/// </summary>
  public void Start() {
    SysDebug.Assert(gameObject != null);
    identifyBonesOfAttachedGameObject();
  }
 
  /// <summary>
  ///   Called once before rendering a frame
  /// </summary>
  public virtual void Update() {
    if(this.rotorTransform != null) {
      this.rotorTransform.localEulerAngles = new Vector3(
        this.CurrentYawDegs - 180.0f, 0.0f, 0.0f
      );
    }
    for(int index = 0; index < this.elevatorTransforms.Length; ++index) {
      this.elevatorTransforms[index].localEulerAngles = new Vector3(
        0.0f, this.CurrentPitchDegs - 90.0f, 0.0f
      );
    }
  }
 
  /// <summary>Current orientation of the turret in degrees</summary>
  /// <summary>
  ///   Zero degrees means towards positive Z, positive rotates counter-clockwise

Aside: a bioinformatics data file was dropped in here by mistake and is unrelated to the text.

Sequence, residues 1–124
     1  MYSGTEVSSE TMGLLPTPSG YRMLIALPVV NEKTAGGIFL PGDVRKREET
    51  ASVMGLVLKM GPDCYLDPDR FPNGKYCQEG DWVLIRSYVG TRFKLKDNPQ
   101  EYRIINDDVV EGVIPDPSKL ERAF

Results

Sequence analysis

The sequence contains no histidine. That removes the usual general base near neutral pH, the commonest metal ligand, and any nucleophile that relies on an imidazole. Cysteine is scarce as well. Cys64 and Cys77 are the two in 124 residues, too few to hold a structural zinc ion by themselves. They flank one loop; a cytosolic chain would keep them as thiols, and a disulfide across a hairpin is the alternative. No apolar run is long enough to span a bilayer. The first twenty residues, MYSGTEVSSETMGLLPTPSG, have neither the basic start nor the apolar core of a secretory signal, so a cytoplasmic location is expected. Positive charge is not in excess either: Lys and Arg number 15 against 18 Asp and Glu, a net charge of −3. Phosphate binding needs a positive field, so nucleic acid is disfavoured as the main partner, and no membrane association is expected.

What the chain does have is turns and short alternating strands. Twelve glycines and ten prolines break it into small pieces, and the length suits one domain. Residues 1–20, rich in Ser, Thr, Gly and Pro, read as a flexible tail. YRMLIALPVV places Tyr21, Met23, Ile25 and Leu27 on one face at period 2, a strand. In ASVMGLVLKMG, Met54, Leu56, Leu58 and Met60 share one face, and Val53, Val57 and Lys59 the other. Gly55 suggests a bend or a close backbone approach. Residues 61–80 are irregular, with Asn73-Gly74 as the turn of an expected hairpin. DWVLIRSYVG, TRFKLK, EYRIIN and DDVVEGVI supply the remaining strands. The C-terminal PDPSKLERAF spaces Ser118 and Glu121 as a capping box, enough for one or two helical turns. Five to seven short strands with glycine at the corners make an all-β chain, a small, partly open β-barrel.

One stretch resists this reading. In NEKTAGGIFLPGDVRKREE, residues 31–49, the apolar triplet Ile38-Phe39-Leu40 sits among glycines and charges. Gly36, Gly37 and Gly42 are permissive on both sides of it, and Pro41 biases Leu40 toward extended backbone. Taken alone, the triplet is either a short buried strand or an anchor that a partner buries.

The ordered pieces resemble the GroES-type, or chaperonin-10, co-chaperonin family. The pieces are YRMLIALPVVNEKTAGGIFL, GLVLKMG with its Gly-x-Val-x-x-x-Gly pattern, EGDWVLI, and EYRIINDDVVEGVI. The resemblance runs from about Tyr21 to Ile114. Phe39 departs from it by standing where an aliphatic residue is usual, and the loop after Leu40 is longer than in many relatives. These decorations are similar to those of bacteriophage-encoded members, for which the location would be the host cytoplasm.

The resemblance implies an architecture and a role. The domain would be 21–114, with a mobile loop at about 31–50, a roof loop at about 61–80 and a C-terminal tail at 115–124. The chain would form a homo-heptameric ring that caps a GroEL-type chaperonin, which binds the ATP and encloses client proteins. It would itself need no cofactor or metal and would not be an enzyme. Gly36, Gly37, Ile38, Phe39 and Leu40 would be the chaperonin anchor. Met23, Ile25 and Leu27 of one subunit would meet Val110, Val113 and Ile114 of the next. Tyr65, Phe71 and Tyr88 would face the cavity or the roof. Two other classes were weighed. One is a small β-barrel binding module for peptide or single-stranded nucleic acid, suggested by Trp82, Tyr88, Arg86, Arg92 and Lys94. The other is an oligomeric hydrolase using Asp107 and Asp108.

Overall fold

/// </summary>
  public float CurrentYawDegs = 0.0f;
 
  /// <summary>Current elevation of the turret in degrees</summary>
  /// <remarks>
  ///   Zero degrees means perfectly horizontal, positive goes towards sky.
  /// </remarks>
  public float CurrentPitchDegs = 0.0f;
 
  /// <summary>Transform for the turret's rotor joint</summary>
  protected Transform RotorTransform {
    get { return this.rotorTransform; }
  }
 
  /// <summary>Transforms for the turret's elevator joints</summary>
  protected Transform[] ElevatorTransforms {
    get { return this.elevatorTransforms; }
  }
 
  /// <summary>Transforms for the turret's barrels and muzzles</summary>
  protected BarrelWithMuzzle[] BarrelAndMuzzleTransforms {
    get { return this.barrelAndMuzzleTransforms; }
  }
 
  /// <summary>
  ///   Picks the bones used to transform the turret the script has been
  ///   attached to and remembers them for later
  /// </summary>
  private void identifyBonesOfAttachedGameObject() {
    var renderer = GetComponentInChildren<SkinnedMeshRenderer>();
    if(renderer != null) {
      var elevatorBones = new List<Transform>();
      var barrelAndMuzzleBones = new List<BarrelWithMuzzle>();